The Javan Rhinoceros (Rhinoceros sondaicus) is one of the rarest and most endangered large mammals anywhere in the world. According to 2002 estimates, only about 60 remain, in Java (Indonesia) and Vietnam. Of all the rhino species, the least is known of the Javan Rhino. These animals prefer dense lowland rain forest, tall grass and reed beds that are plentiful with large floodplains and mud wallows. Though once widespread throughout Asia, by the 1930s the rhinoceros was nearly hunted to extinction in India, Burma, Peninsular Malaysia, and Sumatra for the supposed medical powers of its horn and blood.

Like the closely related larger Indian Rhinoceros, the Javan rhinoceros has only a single horn. Its hairless, hazy gray skin fall into folds into the shoulder, back, and rump giving it an armored-like appearance. The Javan rhino's body length reaches up to 3.1-3.2 m (10-10.5 feet), including its head and a height of 1.5–1.7 m (4.9-5.6ft)tall. Adults are variously reported to weigh between 900–1,400 kg or 1,360-2,000 kg. Males horns can reach 26 cm in length while in females they are knobs or no horn at all.

Sumatran Rhinoceros

The Sumatran Rhinoceros (Dicerorhinus sumatrensis) is the smallest extant rhinoceros species, as well as the one with the most fur, which allows it to survive at very high altitudes in Borneo and Sumatra. Due to habitat loss and poaching, its numbers have declined and it is one of the world's rarest mammals. About 275 Sumatran Rhinos are believed to remain.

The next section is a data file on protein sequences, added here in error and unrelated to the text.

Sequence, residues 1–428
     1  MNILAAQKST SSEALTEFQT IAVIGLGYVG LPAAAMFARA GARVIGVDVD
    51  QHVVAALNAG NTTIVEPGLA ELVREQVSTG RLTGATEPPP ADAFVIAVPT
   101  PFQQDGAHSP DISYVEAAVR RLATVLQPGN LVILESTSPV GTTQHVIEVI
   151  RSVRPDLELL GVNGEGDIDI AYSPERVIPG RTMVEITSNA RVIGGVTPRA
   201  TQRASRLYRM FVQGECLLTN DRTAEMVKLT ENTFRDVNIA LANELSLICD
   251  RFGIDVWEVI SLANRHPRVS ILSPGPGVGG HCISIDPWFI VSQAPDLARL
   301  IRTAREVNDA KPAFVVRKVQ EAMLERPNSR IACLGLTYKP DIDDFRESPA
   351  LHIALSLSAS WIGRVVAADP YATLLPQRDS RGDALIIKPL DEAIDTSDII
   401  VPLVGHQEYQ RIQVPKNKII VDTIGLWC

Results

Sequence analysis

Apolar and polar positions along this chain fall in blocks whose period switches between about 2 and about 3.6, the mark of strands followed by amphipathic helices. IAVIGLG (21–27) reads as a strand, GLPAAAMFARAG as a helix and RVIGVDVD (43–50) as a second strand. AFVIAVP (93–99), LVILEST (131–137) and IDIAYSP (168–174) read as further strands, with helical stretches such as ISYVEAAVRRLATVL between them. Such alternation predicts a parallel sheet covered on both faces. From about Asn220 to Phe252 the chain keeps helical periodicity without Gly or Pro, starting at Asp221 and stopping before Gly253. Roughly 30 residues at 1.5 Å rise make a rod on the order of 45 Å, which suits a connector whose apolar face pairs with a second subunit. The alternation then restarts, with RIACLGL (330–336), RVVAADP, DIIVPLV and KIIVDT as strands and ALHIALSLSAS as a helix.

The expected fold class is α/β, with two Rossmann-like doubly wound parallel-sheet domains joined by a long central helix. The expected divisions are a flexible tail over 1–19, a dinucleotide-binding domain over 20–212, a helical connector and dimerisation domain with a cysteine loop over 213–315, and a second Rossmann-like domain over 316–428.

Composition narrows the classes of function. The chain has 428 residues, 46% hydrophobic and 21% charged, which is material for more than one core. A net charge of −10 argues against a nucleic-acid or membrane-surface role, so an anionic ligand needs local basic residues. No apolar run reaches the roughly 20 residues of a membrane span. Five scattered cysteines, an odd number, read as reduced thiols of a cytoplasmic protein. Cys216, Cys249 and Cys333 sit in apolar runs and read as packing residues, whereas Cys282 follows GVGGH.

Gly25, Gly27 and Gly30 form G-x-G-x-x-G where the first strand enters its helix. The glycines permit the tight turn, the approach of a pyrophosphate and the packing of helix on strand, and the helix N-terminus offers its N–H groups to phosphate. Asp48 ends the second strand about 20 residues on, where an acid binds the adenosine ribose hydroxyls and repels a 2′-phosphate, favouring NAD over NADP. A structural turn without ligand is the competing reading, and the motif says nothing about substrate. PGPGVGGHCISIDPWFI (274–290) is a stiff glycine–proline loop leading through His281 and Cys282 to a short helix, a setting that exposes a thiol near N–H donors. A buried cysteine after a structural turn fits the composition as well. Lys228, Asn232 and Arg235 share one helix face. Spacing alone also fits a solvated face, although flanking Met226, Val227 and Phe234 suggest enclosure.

Typically a mature Sumatran rhino stands about 130 cm (4.3ft) high at the shoulder, a body length of 240–315 cm (7.9ft - 10.3ft) and weighs around 700 kg (1543 lbs), though the largest individuals have been known to weigh as much as 1,000 kilograms. Like the African species, it has two horns, the largest is the front (25–79 cm) and the smaller being the second which is usually less than 10 cm long. The males have much larger horns than the females. Hair can range from dense (the most dense hair in young calves) to scarce. The color of these rhinos is reddish brown. The body is short and has stubby legs. They also have a prehensile lip.

Evolution

Rhinocerotoids diverged from other perissodactyls by the early Eocene. Fossils of Hyrachyus eximus found in North America date to this period. This small hornless ancestor resembled a tapir or small horse more than a rhino. Three families, sometimes grouped together as the superfamily Rhinocerotoidea, evolved in the late Eocene: Hyracodontidae, Amynodontidae and Rhinocerotidae.

Hyracodontidae, also known as "running rhinos," showed adaptations for speed, and would have looked more like horses than modern rhinos. The smallest hyracodontids were dog-sized; the largest was Indricotherium, believed to be one of the largest land mammals that ever existed. The hornless Indricotherium was almost seven meters high, ten meters long, and weighed as much as 15 tons. Like a giraffe, it ate leaves from trees. The Hyracodontids spread across Eurasia from the mid-Eocene to early Miocene.